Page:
NSA, GCHQ spies have hurt us more than they know – cloud group
Security is 'major concern', states CIF biz survey, despite low level breaches
The PRISM revelations – that governments monitor their own citizens as well as those in other countries – have undermined business confidence in moving to the cloud.
This is according to the UK-based Cloud Industry Forum, which conducted an annual survey of 250 private and public sector organisations and noted a reverse in patterns seen in recent years.
More than half of those questioned (52 per cent) voiced security as a major concern when asked about moving data to the cloud, up from 37 per cent a year ago.
"In the previous two surveys, people [in the UK] were less sensitive about moving to the cloud," Andy Burton, founder of the Cloud Industry Forum, told The Channel.
Security worries were most prevalent among large enterprises, with 63 per cent of big biz voicing heightened worries since former NSA sys admin Edward Snowden blew the whistle on government snooping.
The generic security issue was broken down into three areas: 61 per cent were worried about malicious threats to data; 54 per cent about privacy (data being misused by a third party cloud provider); and 28 per cent mentioned data sovereignty.
Yet just two per cent of the 250 companies surveyed said they had experienced a security breach in the past year.
Burton, said the "FUD factor" increased, but given the actual number of breaches, "there is a massive gap between perception and reality".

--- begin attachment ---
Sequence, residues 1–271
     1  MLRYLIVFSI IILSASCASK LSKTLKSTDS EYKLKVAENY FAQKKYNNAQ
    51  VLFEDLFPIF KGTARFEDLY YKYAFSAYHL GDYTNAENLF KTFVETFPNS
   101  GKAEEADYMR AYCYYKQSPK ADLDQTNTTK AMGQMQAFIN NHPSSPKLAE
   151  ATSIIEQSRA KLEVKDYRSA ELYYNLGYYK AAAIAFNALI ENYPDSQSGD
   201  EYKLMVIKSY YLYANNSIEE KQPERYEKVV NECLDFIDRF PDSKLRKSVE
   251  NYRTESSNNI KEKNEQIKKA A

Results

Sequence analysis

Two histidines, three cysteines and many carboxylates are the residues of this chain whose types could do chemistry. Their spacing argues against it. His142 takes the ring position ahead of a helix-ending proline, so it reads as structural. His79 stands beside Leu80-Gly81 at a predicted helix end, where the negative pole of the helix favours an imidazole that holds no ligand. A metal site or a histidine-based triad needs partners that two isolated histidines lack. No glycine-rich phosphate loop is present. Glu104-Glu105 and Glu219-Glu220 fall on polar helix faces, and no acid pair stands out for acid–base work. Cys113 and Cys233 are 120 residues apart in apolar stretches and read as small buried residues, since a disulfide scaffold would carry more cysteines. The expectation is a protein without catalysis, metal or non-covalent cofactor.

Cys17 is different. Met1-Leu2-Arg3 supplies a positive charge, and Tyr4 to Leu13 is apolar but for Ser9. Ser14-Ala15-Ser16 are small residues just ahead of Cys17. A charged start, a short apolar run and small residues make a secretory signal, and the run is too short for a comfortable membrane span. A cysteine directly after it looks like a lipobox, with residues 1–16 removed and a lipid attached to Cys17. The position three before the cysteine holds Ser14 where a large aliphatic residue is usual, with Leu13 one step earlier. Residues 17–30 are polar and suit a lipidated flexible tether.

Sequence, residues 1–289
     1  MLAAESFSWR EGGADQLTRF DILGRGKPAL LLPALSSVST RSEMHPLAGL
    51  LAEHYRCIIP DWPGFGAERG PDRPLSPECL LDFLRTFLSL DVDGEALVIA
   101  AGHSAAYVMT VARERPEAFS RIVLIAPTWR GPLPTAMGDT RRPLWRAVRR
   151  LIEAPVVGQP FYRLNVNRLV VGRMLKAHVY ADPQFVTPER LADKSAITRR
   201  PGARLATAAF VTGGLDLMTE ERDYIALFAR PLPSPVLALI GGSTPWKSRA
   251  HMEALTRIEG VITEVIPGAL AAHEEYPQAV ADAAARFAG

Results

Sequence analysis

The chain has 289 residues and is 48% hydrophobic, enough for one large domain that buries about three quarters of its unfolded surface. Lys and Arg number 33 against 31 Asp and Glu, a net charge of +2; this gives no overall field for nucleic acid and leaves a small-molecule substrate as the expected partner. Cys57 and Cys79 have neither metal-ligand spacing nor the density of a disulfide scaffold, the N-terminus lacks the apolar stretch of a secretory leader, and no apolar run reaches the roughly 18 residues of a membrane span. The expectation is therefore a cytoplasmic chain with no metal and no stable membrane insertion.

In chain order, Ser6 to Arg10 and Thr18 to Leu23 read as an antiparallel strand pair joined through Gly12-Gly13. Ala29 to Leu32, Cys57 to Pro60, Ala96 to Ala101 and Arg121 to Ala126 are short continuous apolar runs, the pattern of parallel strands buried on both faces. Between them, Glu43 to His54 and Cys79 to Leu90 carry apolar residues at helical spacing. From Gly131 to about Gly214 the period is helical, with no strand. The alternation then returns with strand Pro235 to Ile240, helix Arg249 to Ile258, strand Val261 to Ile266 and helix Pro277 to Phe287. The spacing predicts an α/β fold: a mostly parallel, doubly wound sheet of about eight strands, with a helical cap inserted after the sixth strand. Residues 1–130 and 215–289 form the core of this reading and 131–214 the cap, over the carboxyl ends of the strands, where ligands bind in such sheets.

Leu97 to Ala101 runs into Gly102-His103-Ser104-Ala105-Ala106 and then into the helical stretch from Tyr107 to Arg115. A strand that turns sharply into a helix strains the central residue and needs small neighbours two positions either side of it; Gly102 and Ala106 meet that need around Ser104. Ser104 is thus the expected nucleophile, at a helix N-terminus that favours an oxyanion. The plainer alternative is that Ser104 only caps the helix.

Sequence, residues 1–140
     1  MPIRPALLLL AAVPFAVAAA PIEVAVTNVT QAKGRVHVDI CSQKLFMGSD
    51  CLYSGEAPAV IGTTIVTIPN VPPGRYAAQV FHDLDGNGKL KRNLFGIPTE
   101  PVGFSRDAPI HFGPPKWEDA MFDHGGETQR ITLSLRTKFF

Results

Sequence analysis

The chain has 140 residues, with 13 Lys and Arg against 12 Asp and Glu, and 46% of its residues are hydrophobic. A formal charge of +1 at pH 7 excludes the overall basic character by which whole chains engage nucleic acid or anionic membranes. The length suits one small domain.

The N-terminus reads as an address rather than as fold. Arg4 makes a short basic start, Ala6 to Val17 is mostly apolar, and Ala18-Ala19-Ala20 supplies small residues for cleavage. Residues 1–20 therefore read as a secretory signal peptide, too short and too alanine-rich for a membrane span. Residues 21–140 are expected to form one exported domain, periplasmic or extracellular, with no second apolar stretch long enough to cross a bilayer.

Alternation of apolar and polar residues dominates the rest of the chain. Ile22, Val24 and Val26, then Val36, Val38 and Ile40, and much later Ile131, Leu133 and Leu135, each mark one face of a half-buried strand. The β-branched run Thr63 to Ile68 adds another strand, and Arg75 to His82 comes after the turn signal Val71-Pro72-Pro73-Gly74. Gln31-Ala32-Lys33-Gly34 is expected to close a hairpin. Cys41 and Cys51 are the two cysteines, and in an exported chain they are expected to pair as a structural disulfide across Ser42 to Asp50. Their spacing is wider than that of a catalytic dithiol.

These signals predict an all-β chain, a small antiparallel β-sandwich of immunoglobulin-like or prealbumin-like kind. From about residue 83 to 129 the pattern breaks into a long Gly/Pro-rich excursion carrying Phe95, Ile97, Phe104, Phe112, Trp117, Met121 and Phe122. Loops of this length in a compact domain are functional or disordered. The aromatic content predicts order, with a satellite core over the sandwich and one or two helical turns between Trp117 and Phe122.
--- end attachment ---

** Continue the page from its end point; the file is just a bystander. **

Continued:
El Chan guesses it wouldn't make sense for CIF to denigrate fluffy white services.
Some 59 per cent said security was higher up the agenda in light of Snowden, but only 32 per cent of those had actually changed the way they secure data in the cloud, the majority of which were operating in the public sector.
Burton said that behind security the next most specified concern was increasing confusion between the US Safe Harbour regulations and data protection regulations in Europe.
Some 87 per cent surveyed said they wanted data stored to remain in the UK, while almost half of those (43 per cent) want data stored on-premise.
"The findings were not massively surprising but its all about managing expectations," Burton told us. "There is still a lot of confusion in the market, not backed up by experiences, but being exaggerated by PRISM and the public sector debate between Europe and the US over data protection".
In other findings, 72 per cent could not see a day when they move wholesale to the cloud.
The survey didn't stretch to what bears do in woods or whether the Pope is indeed Catholic. ®